RBOA (Retirement Board of Authority) Report

summarized by Ron Levesque

At the Membership Meeting of December 7, 2023 Patrick Butler gave an update on behalf of Jessica Breheny and David Yancey, who serve with him on RBOA. Patrick has been seeking to fully understand how the funds that this board oversees are accounted for. There has been no clear full accounting for a fund created in 2008 through the sale of bonds to support the retirement medical benefits guaranteed to faculty hired before September 1983. These benefits are also extended to classified staff and managers and administrators. Earlier this year, Patrick filed a “public records request” asking the District for detailed information about the compensation of RBOA managers, payments for medical care and supplements to Medicare, and more.

Patrick learned that the fund managers are a team of three groups, Keenan Associates, Morgan Stanley, and Futuris. These “employees” of the fund are paid an estimate of about $15,800 monthly, $6800 to Keenan, $4000 to Morgan Stanley, and $5000 to Futuris. Also, $1,800,000 yearly flows to the District Office from this fund. Where does it all go? At the RBOA meeting on October 18, in response to Patrick’s request, the managers revealed that $119 a month is the cost to process the fund. Yet, Patrick had obtained and studied actuarial records for 2022-2023 and found quotes of $256,183 for “Service Cost”. And “Trust Administrative Expenses” were listed as $232,202, not including about $200,000 in compensation for the managerial team. No one in attendance could explain these costs. After the meeting, the Vice Chancellor approached Patrick and suggested a meeting with him and the auditor. Patrick agreed but asked to be accompanied by the AFT and suggested RBOA Vice President Jessica Breheny. Then others wanted the fund managers to be included, and then the vice chancellor left for a four-week vacation. So no follow-up meeting has yet been scheduled.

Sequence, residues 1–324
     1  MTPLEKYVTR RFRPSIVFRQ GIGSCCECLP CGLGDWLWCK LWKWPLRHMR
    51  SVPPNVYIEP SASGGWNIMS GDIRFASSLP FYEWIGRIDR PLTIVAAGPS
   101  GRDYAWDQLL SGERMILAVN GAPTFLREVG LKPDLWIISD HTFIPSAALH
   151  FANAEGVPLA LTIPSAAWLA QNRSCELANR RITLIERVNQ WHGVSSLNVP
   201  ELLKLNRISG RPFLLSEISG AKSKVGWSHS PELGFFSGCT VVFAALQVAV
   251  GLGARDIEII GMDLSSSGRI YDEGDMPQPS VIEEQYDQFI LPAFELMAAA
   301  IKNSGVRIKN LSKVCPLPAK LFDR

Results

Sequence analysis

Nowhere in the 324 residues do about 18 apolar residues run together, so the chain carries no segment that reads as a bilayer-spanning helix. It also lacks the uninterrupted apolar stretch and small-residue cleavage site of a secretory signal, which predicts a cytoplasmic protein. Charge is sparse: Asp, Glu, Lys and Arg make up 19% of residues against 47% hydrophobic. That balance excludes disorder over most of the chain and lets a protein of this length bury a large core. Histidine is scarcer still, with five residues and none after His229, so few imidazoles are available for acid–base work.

And Patrick and Jessica have tried to meet with the broker who handles all health benefits for retirees hired before September 1983, but their outreach has been ignored. Patrick wants to know why this group of retirees has to pay so much more. For example, in comparison, medical coverage for current teachers costs the district $1800 a month for full benefits. Yet for this pre-1983-hired retiree group, the district pays $830 a month as a supplement to Medicare, while a retired person close to Patrick has the AARP supplement for $250 a month for similar benefits to Patrick’s. Patrick sees a “reluctance to respond” by the District Office. He is considering making another Public Records Request, and vows that in time he will get the answers he seeks. He wants to activate the “authority” component of Retirement Board of Authority. This board must have clear working knowledge of the funding they are providing to better inform the Board of Trustees about actions the trustees approve.

In conclusion, Patrick has come to believe that the fund managing team has little incentive to spend the funds if their compensation is increased when their fund balance, now over $10, 000,000, remains as great as possible.

Patrick hopes that the recently newly elected trustee will help the Board to direct the RBOA retirees to be compensated for their loss in benefits over the past 40 years.

Patrick thanked the AFT 6157R Board for its financial support for a legal review in 2022, which completely supported the role of the RBOA to make recommendations to the Board of Trustees. Patrick said this action raised the importance of the issue and led to serious discussion about the neglected status of this group of retirees. He is optimistic about a positive resolution in 2024.